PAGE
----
The role of the tectonic plates in the above process can be understood as follows. The carbon stored in the limestone is not able to free in a ready manner. In order to ensure the same one of the key process is subduction which leads to the carbonate rock melting as these are pushed towards the mantle. The carbon escapes which makes way to the surface through the gases released by a volcano. In the short run even though focus is on the release of carbon through anthropogenic reasons but in the long run, it is essential that the carbon trapped in the form of carbonate formations needs to be freed or else there would a drastic fall in the carbon dioxide levels which may onset an ice age. The presence of tectonic plates ensures that the long term carbon cycle is maintained thus making our planet habitable (Cockell, 2015). Tectonic plate movement results in replenishment of a host of the nutrients which is a vital requirement for supporting life of any living being. Chairman of ESA’s scientific advisory committee and the director of the “German Space Research Centre Institute of Planetary Research has advised that a strong relationship between the plate tectonic and habitability of a planet (Miller, 2016).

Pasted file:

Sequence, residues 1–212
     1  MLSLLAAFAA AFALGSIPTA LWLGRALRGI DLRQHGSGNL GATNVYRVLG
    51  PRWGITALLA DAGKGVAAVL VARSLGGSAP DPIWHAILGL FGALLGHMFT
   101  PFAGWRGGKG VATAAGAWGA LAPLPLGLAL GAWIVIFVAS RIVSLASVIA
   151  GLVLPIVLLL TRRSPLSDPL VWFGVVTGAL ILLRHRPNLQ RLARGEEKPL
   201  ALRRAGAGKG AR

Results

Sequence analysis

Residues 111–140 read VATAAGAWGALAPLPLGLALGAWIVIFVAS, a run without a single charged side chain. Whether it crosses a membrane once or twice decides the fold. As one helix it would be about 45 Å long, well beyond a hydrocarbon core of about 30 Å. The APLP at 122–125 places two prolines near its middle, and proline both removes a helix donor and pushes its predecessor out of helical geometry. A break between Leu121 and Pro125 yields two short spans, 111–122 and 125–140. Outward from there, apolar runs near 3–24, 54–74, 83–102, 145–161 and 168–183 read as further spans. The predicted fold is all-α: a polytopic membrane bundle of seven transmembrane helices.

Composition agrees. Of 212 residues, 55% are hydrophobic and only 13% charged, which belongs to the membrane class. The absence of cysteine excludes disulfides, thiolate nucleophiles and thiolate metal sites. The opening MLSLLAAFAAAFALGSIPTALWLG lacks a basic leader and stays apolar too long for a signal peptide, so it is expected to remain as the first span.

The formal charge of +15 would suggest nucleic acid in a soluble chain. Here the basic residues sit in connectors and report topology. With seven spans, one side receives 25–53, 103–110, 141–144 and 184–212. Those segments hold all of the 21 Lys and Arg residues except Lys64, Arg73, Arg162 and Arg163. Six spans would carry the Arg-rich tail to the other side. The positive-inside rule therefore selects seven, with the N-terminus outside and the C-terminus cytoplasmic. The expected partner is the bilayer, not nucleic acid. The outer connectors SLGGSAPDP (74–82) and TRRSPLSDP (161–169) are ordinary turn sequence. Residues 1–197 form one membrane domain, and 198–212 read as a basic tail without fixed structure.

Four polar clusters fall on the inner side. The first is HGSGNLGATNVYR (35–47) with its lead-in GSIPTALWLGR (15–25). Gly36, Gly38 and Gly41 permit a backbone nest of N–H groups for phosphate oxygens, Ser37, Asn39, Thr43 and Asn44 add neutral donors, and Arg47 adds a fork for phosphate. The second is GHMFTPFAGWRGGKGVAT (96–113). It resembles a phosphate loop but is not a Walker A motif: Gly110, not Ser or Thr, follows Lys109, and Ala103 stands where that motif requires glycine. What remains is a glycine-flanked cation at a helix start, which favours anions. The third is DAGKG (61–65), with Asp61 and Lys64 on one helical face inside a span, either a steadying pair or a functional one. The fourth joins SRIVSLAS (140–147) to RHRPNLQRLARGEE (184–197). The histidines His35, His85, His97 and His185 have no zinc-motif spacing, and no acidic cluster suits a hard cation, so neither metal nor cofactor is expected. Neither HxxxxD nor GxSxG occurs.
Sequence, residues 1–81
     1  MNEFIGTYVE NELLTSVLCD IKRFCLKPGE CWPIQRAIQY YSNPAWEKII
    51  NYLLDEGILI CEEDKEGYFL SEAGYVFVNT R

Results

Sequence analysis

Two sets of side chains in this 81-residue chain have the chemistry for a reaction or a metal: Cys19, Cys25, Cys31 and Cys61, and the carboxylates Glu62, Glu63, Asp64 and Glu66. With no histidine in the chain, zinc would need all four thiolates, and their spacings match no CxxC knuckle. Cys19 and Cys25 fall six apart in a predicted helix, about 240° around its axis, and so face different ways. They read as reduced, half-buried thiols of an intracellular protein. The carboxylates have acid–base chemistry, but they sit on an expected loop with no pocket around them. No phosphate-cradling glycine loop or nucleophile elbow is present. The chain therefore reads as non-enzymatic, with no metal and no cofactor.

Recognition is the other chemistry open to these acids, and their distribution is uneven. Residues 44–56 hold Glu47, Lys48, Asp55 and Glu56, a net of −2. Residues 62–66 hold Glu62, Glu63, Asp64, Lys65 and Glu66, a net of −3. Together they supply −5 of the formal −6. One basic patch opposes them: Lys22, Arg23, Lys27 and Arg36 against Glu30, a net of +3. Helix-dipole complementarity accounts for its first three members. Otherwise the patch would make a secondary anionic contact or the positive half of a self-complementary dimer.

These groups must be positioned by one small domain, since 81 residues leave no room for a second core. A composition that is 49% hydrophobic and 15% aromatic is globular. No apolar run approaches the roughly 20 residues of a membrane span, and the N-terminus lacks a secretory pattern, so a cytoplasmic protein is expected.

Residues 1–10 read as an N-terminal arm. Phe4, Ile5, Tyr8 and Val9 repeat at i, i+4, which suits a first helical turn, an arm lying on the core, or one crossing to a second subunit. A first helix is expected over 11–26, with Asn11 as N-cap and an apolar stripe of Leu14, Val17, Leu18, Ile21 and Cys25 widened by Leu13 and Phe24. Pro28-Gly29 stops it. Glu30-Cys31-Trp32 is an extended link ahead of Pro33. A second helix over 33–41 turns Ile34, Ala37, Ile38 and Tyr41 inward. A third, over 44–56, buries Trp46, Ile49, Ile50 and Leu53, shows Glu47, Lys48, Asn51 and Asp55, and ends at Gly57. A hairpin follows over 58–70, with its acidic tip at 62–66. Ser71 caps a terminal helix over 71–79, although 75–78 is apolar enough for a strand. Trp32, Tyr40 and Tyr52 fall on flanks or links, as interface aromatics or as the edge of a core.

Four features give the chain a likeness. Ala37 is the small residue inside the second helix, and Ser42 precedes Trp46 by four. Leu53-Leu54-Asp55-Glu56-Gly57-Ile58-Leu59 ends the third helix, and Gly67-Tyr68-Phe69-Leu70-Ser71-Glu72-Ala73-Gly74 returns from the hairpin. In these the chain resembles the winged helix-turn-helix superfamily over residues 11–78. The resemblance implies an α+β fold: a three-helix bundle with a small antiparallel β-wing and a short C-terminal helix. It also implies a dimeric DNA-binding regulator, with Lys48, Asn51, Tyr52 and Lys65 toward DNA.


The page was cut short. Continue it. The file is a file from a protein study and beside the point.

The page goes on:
It may be fair to conclude from the above discussion that while the most visible and known impact of plate tectonics may be in the form of earthquakes and volcanoes, but tectonics plates are at constant and invisible action and making this planet habitable by maintaining equilibrium in key geochemical processes. This goes a long way in providing a stable crust along with a stable and ambient physical environment where life can not only sustain and flourish. Hence, any major shifts in plate tectonics could lead to serious implications for life on the planet (Tomecek, 2011)
Cockell, S. C. (2015) Astrobiology: Understanding Life in the Universe. 2nd edn. Sydney: John Wiley & Sons.
Miller,T. G. and Spoolman, S. (2016) Living in the Environment. 19th edn. Boston : Cengage Learning.
Tomecek, S. (2011) Plate Tectonics. 4th edn. New York: Infobase Publishing.
Zhong, S. (2011) Tectonic Plates and Mantle Convection. 6th edn. Michigan : University of Michigan.